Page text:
Abstract

A previously unrecognized angular unconformity divides the Jurassic and Cretaceous McCoy Mountains Formation into a lower and an upper unit in the Dome Rock Mountains and Livingston Hills of western Arizona. The lower unit of the McCoy Mountains Formation consists of generally fine-grained quartzose and volcaniclastic strata that were deposited after cessation of Middle Jurassic explosive volcanism. The basal contact of the lower unit is disconformable in most places, but locally it has been interpreted to be gradational with the underlying silicic volcanic rocks. The upper unit is a fining-upward sequence of quartzo-feldspathic and arkosic conglomerate and sandstone that records uplift of a northern source terrane. A tuff in the lower part of the upper unit has a U-Pb crystallization age of 79 ± 2 Ma (Late Cretaceous). Rocks of the lower unit are deformed by pre-80 Ma thrust faults of the generally southward-vergent Maria fold and thrust belt, which bounds the outcrop belt of the McCoy Mountains Formation on the north. The upper unit is exposed only south of the fold and thrust belt.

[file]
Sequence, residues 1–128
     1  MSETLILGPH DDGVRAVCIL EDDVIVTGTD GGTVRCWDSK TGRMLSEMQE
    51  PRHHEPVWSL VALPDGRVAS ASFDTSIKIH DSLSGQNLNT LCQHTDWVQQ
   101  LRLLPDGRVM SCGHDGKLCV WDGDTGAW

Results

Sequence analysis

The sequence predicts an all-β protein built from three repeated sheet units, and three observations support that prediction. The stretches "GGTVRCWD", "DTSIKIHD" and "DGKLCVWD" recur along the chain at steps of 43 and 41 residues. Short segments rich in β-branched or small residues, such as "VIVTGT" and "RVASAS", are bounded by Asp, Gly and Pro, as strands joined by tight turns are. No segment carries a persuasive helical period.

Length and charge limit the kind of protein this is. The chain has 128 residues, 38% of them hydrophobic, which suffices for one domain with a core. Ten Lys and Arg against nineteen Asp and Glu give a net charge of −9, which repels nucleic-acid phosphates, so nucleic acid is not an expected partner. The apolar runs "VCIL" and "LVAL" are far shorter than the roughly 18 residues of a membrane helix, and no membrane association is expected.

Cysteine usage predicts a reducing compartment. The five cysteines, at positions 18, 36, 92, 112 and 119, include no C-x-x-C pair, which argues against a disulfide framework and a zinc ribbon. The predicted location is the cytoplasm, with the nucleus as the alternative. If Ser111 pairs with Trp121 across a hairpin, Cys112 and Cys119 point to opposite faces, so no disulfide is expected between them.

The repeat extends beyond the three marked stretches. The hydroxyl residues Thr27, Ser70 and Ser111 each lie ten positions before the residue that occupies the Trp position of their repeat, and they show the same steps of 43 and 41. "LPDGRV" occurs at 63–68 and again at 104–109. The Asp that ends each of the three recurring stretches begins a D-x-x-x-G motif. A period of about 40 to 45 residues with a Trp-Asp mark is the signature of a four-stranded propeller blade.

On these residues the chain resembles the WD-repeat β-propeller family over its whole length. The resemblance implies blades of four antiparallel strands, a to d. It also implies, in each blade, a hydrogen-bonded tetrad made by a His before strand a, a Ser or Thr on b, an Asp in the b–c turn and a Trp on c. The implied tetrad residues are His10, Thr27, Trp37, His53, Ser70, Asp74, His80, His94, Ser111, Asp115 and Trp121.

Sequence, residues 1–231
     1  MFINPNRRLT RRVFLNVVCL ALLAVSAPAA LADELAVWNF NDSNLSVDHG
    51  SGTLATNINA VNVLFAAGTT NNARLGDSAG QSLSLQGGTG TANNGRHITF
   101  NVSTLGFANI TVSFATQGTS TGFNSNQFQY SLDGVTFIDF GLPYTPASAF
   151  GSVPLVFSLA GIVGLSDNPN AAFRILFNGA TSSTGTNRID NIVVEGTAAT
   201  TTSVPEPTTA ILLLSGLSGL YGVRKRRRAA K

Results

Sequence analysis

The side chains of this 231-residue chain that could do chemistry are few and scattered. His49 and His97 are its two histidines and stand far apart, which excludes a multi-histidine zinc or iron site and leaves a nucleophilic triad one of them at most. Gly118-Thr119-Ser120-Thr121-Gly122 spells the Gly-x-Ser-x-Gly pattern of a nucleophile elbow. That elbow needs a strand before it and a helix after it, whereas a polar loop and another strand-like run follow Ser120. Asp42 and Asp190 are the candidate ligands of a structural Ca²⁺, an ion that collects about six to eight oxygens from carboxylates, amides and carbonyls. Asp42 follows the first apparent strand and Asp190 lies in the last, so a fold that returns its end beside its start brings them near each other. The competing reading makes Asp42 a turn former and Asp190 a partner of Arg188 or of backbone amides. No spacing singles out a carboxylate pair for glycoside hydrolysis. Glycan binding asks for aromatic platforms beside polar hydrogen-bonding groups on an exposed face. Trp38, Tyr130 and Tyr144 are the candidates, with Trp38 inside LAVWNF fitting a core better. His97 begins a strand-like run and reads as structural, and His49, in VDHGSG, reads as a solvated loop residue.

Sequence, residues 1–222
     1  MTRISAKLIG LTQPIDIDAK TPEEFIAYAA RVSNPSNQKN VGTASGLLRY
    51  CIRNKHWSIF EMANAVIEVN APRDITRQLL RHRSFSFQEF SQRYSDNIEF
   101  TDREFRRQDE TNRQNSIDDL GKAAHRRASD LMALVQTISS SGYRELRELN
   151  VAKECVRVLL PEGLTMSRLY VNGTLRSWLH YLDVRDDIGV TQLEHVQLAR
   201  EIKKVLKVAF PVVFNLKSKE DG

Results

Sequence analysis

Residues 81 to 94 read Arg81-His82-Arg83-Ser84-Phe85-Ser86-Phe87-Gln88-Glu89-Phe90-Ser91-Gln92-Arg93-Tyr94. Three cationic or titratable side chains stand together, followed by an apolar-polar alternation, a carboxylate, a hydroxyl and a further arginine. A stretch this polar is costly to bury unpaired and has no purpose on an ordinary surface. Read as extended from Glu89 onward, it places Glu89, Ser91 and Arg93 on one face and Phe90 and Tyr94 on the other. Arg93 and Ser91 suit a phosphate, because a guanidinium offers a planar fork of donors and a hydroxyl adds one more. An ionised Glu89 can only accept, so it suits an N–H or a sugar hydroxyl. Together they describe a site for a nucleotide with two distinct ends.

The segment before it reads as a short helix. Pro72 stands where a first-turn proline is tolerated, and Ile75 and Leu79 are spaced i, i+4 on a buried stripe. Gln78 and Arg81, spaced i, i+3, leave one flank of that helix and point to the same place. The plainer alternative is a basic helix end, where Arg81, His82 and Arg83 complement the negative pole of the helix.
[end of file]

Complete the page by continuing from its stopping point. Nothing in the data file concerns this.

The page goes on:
We interpret the intraformation unconformity in the McCoy Mountains Formation to have developed where rocks of the lower unit were deformed adjacent to the southern margin of the Maria fold and thrust belt. The upper unit of the formation is interpreted as a foreland-basin deposit that was shed southward from the actively rising and deforming fold and thrust belt. The apparent absence of an equivalent unconformity in the McCoy Mountains Formation in adjacent California is presumably a consequence of the observed westward divergence of the outcrop belt from the fold and thrust belt. Continued southward shortening deformed the entire formation under greenschist- and, locally, amphibolite-facies conditions soon after the upper unit was deposited. Tectonic burial beneath the north-vergent Mule Mountains thrust system in the latest Late Cretaceous (∼70 Ma) marked the end of Mesozoic contractile deformation in the area.

First Page Preview

First page PDF preview
You do not currently have access to this article.